New report says Facebook gave other companies access to users’ private messages without their consent
The New York Times reported that Facebook gave some companies more extensive access to users’ personal data than it has previously revealed, allegedly allowing firms to read private messages or see the names of users’ friends without consent. (Richard Drew/Associated Press)
Ask privacy advocate and Facebook critic Mark Weinstein what kind of information the social media giant has on its users and he responds with a blunt, one-word answer: “Everything.”
That may be somewhat hyperbolic, but it’s certainly fair to say Facebook holds a lot of personal material. That data collection, and the sharing of it with other firms, continues to be controversial.
On Wednesday, the New York Times reported that Facebook gave some companies more extensive access to users’ personal data than it has previously revealed, letting them read private messages or see the names of friends without consent. One of those companies, the story alleged, was the Royal Bank of Canada.
The Royal Bank of Canada disputed the report and the suggestion that it ever had the ability to view users’ private messages.
"The Royal Bank of Canada disputed the report and the suggestion that it ever had the ability to view users’ private messages."
Meanwhile, Facebook disputed the allegations that it gave some companies carte blanche to access user data. In a statement to CBC News, Facebook said its corporate partners “don’t get to ignore people’s privacy settings, and it’s wrong to suggest that they do.”
Still, the New York Times report raises questions about what information, exactly, Facebook has about you.
Here are some answers to basic questions about what information the California-based social media giant retains:
Ok, so as a Facebook user, I get that it records my basic profile information and Facebook activity. But what exactly does that include?
It includes quite a bit. At the very least, Facebook has access to the information that you provided to them directly, including profile information, email address, friends and contacts
But it’s more than that. Facebook itself includes details of their collection policies on their help centre page under the heading: What categories of my Facebook data are available to me? This includes:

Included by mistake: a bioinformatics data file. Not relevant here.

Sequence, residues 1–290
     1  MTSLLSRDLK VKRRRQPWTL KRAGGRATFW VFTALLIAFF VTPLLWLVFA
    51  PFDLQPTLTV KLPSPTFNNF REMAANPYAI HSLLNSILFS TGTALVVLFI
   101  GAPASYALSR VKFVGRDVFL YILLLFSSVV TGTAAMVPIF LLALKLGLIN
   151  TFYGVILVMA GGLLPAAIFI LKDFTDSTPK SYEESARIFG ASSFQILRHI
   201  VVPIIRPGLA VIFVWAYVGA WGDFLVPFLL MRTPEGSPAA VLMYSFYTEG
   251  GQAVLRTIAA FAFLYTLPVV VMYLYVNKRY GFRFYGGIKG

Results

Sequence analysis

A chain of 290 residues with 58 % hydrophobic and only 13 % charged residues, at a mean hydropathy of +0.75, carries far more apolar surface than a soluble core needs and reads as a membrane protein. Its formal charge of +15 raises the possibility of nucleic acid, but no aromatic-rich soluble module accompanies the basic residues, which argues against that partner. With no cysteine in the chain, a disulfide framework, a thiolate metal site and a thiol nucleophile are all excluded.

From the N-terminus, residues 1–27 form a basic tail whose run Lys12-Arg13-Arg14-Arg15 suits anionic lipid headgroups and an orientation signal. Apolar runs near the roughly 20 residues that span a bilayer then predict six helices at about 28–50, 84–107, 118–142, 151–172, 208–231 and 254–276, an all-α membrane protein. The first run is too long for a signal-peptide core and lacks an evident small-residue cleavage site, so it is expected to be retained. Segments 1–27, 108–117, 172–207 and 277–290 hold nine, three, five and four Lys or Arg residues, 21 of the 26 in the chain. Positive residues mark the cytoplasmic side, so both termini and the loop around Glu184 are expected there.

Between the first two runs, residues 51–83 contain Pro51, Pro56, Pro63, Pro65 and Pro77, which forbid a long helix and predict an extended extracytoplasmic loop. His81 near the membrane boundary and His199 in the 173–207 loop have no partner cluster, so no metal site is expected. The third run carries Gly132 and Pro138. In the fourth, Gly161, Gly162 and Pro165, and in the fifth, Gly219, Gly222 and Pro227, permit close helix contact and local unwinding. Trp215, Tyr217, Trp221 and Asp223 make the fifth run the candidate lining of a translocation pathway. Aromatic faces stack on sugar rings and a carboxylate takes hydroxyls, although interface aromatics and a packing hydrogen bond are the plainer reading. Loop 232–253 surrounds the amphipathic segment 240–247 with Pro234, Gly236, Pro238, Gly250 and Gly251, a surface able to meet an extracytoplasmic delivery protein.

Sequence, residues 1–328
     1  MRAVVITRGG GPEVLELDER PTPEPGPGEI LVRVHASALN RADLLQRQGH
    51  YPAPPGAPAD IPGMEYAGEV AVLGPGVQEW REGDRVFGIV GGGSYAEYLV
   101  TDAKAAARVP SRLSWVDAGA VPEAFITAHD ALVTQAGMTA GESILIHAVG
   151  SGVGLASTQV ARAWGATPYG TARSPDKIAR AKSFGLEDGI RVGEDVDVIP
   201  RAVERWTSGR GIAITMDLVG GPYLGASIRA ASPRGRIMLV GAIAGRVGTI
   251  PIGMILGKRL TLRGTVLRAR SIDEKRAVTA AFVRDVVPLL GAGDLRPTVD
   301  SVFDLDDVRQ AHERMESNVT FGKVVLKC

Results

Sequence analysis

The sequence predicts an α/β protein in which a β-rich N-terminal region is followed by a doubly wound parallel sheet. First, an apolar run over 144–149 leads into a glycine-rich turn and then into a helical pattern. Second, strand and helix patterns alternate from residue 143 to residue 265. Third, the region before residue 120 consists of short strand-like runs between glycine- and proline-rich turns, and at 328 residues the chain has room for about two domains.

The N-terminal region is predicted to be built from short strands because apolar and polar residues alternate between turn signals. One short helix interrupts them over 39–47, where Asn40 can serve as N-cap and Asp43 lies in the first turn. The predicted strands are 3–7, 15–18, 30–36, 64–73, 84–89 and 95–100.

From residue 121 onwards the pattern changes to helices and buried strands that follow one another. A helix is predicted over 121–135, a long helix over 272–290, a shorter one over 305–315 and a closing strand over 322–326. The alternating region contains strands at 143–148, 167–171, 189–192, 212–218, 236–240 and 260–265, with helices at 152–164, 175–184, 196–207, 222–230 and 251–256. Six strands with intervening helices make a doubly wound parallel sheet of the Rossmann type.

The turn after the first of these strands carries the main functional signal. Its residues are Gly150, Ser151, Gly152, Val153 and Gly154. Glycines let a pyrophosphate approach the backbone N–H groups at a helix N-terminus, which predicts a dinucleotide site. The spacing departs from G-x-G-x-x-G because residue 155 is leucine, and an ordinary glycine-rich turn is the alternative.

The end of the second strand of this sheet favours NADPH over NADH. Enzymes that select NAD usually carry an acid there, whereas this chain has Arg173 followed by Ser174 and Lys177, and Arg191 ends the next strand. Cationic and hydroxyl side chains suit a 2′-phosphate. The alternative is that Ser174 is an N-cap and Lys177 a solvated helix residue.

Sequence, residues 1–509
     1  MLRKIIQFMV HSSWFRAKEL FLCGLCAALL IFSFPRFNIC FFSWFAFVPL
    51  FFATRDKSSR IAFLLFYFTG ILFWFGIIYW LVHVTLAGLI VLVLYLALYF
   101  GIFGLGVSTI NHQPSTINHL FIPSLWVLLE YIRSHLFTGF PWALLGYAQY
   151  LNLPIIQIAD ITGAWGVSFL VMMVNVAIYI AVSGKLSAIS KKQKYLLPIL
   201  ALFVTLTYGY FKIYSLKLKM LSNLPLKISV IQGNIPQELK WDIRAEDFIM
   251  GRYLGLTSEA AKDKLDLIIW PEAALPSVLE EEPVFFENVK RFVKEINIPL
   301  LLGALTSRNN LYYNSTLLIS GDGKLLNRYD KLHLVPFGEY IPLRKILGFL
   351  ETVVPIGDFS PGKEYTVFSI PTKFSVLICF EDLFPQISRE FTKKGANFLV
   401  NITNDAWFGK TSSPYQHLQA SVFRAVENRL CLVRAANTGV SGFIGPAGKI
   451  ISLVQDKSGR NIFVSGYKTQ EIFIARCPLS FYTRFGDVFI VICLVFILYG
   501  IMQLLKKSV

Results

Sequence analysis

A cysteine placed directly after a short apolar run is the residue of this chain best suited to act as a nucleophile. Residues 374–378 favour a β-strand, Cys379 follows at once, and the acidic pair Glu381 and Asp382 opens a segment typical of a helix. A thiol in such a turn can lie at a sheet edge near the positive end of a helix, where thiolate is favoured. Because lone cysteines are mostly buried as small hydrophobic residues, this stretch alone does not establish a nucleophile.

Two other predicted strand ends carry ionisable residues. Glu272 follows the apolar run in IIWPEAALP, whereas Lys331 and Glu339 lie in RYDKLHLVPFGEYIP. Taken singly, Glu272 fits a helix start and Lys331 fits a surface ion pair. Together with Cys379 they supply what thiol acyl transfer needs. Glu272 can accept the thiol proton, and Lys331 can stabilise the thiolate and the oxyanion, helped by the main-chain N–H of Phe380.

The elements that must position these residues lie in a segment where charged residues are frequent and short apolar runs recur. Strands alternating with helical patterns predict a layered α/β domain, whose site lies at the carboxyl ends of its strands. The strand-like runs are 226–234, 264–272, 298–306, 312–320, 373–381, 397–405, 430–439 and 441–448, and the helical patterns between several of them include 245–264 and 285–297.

- Dates, times and titles of ads clicked.
- All of the apps you have added.
- A history of the conversations you’ve had on Facebook Chat.
- Email addresses added to your account (even those you may have removed).
- Events you’ve joined or been invited to.
- IP address, dates and times associated with logins to your Facebook account
Can I find out what information Facebook has on me?
Yes. On Facebook, you can download a copy of the data the company holds about you. Users can save the archived information to their computer on a zip file, including material “about you,” calls and messages, likes and reactions, payment history, search history, your places and ad interests.
Is that all they’ve got?
No. Ashkan Soltani, a technologist specializing in privacy, security, and behavioural economics, said Facebook also has information about your behaviour or “passive activity.” This includes how long you look at something online, whether you hover on a video and what ads you look at.
Logging on to Facebook will allow the company to know your location. If you have a Facebook mobile app installed, the company knows your GPS coordinates and what you are visiting.
“So when you walk into the coffee store, when you walk into a stadium, that information will go to Facebook and Facebook will know that you’re attending something or you’re buying coffee,” Soltani said.
How about my activity off Facebook?
They know that too.
“They know a lot of what you do around the rest of the internet by way of third party tracking networks,” said Bennett Cyphers, a staff technologist with the Electronic Frontier Foundation, a California-based digital rights group.
If you’re accessing the internet on a browser or mobile device you have used before to log into Facebook, the company can link that to your actual account. They do this by using an invisible “pixel” — essentially a piece of code that Facebook convinces web site owners to install on their pages. That pixel allows Facebook to know if a Facebook user has visited that site.
So if you’re not a Facebook user, Facebook has no information about you, right?
Wrong. Facebook maintains what have been referred to as shadow accounts. This is information that Facebook has been able to collect through the friends of a non-Facebook user, if those friends use the social media service.
"Facebook can glean information about you, even if you’re not a Facebook user. "
For example, if a friend, who is on Facebook, adds you to their address book, uploads your photo or tags you, that information will be made available to Facebook. Similarly, if your Facebook friend calls or messages you, their activity log including your information will be available to Facebook.
“If or when you do sign up for the first time to Facebook, they can link the data they already have about you to you and populate your account,” Cyphers said.
Soltani said Facebook can also track a non Facebook user’s browser uniquely, through those pixels. “And that information helps them build a general profile about what people like,” he said.